Ann Cody

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Ann Cody
Personal information
Born (1963-05-14) May 14, 1963 (age 56)
Binghamton, New York

Ann Cody-Morris (born May 14, 1963) is a former American Paralympic multi-medallist in athletics and a member of the International Paralympic Committee.

Early life and education[edit]

Cody was born on May 14, 1963 in Binghamton, New York. While attending Groton High School, she became paralyzed from a spinal cord injury. At the University of Illinois Cody obtained a painting bachelor's degree and a Master of Science while playing wheelchair basketball.[1]

Career[edit]

Cody started her Paralympic career representing the United States in wheelchair basketball at the 1984 Summer Paralympics. Cody later moved to athletics in her following Paralympic Games winning four silver medals at the 1988 Summer Paralympics. At her final Paralympic Games, Cody won a gold and a bronze at the 1992 Summer Paralympics while achieving a shared world record in the 4 × 100 m relay.[1] In 2013, she ran for vice president of the International Paralympic Committee. Despite being defeated by Andrew Parsons, Cody was selected onto IPC's board of directors.[2] Outside of the Paralympics, Cody appeared at the 1988 Summer Olympics in wheelchair racing.[3] She later won the 1989 Chicago Marathon[4] and 1990 Los Angeles Marathon in the women's wheelchair division.[5]

Alternatively, Cody has held positions in the business and governmental sectors. She was a director at BlazeSports America and assisted the signing of the Convention on the Rights of Persons with Disabilities.[6] Currently, Cody works at the United States Department of State in Foreign Affairs.[7]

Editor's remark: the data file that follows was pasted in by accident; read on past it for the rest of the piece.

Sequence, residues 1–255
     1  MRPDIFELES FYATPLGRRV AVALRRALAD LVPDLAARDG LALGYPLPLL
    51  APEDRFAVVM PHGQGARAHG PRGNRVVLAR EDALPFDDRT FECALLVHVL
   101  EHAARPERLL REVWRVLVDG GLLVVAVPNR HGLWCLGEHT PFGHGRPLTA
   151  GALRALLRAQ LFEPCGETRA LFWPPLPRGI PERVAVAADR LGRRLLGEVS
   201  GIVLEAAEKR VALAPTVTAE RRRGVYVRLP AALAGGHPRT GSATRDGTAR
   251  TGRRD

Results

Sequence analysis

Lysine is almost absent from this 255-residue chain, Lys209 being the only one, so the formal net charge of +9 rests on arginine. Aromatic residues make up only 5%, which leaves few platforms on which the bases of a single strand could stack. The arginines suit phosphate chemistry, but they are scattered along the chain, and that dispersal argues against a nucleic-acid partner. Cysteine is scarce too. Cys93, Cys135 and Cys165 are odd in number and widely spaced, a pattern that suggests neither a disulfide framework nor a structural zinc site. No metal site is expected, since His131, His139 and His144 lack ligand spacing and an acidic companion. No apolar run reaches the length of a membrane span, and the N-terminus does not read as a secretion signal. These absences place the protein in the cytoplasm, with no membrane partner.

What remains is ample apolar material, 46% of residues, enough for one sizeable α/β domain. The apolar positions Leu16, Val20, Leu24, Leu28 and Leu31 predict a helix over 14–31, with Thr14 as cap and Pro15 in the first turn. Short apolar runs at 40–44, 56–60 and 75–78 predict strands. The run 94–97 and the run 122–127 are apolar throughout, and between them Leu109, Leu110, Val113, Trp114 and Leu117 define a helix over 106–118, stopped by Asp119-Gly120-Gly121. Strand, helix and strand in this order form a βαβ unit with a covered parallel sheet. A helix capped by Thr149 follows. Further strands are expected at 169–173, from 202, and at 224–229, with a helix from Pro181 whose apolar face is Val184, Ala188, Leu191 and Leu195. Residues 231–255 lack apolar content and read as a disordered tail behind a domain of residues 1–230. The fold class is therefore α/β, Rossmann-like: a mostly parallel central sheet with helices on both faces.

Awards and honours[edit]

Cody was named athlete of the year by both USA Track & Field and Wheelchair Sports, USA in 1990.[1] In 2004, Cody was inducted into the Adaptive Sports USA Hall of Fame.[8] In 2009, Cody was awarded the Amazing Leader award by the U.S. Paralympics.[9] In 2012, she was named one of the winners of the George M. Steinbrenner III Sport Leadership Awards by the U.S. Olympic Foundation.[10] In 2017, Cody was awarded the Paralympic Order.[7]

References[edit]

  1. ^ a b c Swedan, Nadya, ed. (2001). Women's Sports Medicine and Rehabilitation. Gaithersburg: Aspen Publishers. p. 121. ISBN 0834217317. Retrieved September 17, 2017.
  2. ^ "Sir Philip Craven re-elected as IPC President". Österreichisches Paralympisches Committee. Retrieved September 17, 2017.
  3. ^ Leyden, Peter; Bank, David (October 22, 1988). "Paralympians Slowed By Sluggish Cash Flow". Chicago Tribune. Retrieved September 17, 2017.
  4. ^ Cart, Julie (October 30, 1989). "CHICAGO MARATHON : Patience Carries Davies-Hale, Weidenbach". Los Angeles Times. Retrieved September 17, 2017.
  5. ^ Florence, Mal (March 5, 1990). "Badid, Wheelchair Champion, Likens L.A. Course to Boston's". Los Angeles Times. Retrieved September 17, 2017.
  6. ^ "US Paralympics submit Ann Cody for IPC Vice President". paralympic.org. Retrieved September 17, 2017.
  7. ^ a b "Ann Cody and Miguel Sagarra receive Paralympic Orders". Paralympic Movement. Retrieved October 2, 2017.
  8. ^ "Awards & Recognition". Adaptive Sports USA. Retrieved September 17, 2017.
  9. ^ "U.S. Paralympic 2009 Amazing Awards". Disabled World. Retrieved September 17, 2017.
  10. ^ "Ann Cody Honored by the United States Olympic Foundation". Blaze Sports. Retrieved September 17, 2017.